How We Make Bacon
Like most Americans, I love bacon. Recently I was talking with my uncle about this mutual love. We were talking about the best way to cook it and where to get it from and even how to make it at home. While we were talking he put his hand on my shoulder, leaned into me and whispered, “Josh, you could wrap bacon around a piece of s#&* and I could probably eat it.” We both laughed.
I’m not going to go that far, but like most, my love for good bacon runs deep. Here at This Old Farm we are striving to put out the best quality of bacon in Indiana. Of course good bacon begins with humanely treated, pasture-raised hogs but making good bacon continues on to the quality of cure and smoking and how one cooks it. In other words, good bacon requires some TLC.
For our bacon we use an all natural cure consisting of sea salt, turbinado sugar, paprika and some other seasonings and spices. We also use celery juice powder which consists of sea salt and celery powder as our curing agent. The traditional way to cure a pork side or belly is to use sodium nitrites or nitrates. Here at This Old Farm we do not use sodium nitrite. We have found that celery juice powder cures the pork sides just fine and gives it that pink cured look to it as well. It also adds to the flavor.
We mix these ingredients together and thoroughly rub each side by hand. We then hold the sides in the cooler for 5 to 7 days. Next we move the cured sides to our state of the art smokehouse. They are then cooked and smoked until almost perfection to around 140 degrees F. We then chill them, slice them, and package them to order.
And now we are ready for you to come in and try some of this goodness. (We also have all natural jowl bacon ready for you as well if you wanted to try some of this delicious, savory, full-bodied bacon.)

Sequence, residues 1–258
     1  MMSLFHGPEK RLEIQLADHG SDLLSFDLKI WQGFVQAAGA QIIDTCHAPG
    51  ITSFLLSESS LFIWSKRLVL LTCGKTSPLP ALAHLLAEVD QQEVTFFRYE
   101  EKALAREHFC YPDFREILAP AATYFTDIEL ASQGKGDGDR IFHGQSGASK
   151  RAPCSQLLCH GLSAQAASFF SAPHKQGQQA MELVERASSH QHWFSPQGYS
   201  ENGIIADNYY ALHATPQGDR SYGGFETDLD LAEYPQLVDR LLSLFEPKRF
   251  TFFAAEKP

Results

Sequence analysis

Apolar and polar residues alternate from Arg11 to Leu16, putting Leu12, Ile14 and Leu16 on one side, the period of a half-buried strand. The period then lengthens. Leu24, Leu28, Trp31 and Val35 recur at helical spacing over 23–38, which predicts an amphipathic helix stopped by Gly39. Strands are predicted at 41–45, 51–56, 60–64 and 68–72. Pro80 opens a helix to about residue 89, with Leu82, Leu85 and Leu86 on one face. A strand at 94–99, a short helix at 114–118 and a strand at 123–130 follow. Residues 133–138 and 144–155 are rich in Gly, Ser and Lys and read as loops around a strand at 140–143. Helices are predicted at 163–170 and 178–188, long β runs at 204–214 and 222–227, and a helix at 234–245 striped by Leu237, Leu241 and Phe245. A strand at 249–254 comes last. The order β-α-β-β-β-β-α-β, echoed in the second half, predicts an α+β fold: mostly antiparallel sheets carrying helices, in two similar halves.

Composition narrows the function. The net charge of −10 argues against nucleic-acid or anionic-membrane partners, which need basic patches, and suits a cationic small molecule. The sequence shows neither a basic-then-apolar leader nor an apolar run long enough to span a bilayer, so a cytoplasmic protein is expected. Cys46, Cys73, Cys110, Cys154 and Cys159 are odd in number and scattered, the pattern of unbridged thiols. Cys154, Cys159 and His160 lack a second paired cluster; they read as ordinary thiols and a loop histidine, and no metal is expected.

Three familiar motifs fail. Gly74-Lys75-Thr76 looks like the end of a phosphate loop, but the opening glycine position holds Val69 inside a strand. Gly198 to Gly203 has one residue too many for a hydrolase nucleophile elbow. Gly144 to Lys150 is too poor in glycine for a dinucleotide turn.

So how do I cook bacon? I am becoming more of an advocate of cooking bacon in the oven. Of course there is nothing like frying bacon on the stovetop. Hovering over the pan where the bacon is frying is one of the small pleasures in life and there is for sure nothing wrong with that. But cooking bacon in the oven is cleaner, the bacon cooks more evenly and consistently, and you don’t have to micro manage it as much. I usually preheat the oven to around 350 degrees. While preheating I place each piece of pleasure into a pan making sure to give each piece its own room. Bacon doesn’t like to be cramped. When preheated I put the bacon in for about 15 minutes. That’s it.
If you are cooking bacon on the stove, again, make sure you don’t let the pieces touch one another as this will prevent it from cooking evenly. Also, it is important not to put the heat too high. Bacon likes a medium to medium high flame, not too hot, not too low.
Next post will be about how you can make your own bacon at home. It is easier than you might think. The hardest part of it all is getting your hands on a whole slab of pork belly. But that isn’t a problem for you because we keep some in stock for our more adventurous cooks. Are you ready??
Until then, Happy Bacon Eating.
Our low nitrate/nitrite bacon cured with celery juice powder is on sale for $6.30/lb for local pork or $8.10/lb for pasture raised local pork . Try it now! (765) 324-2161.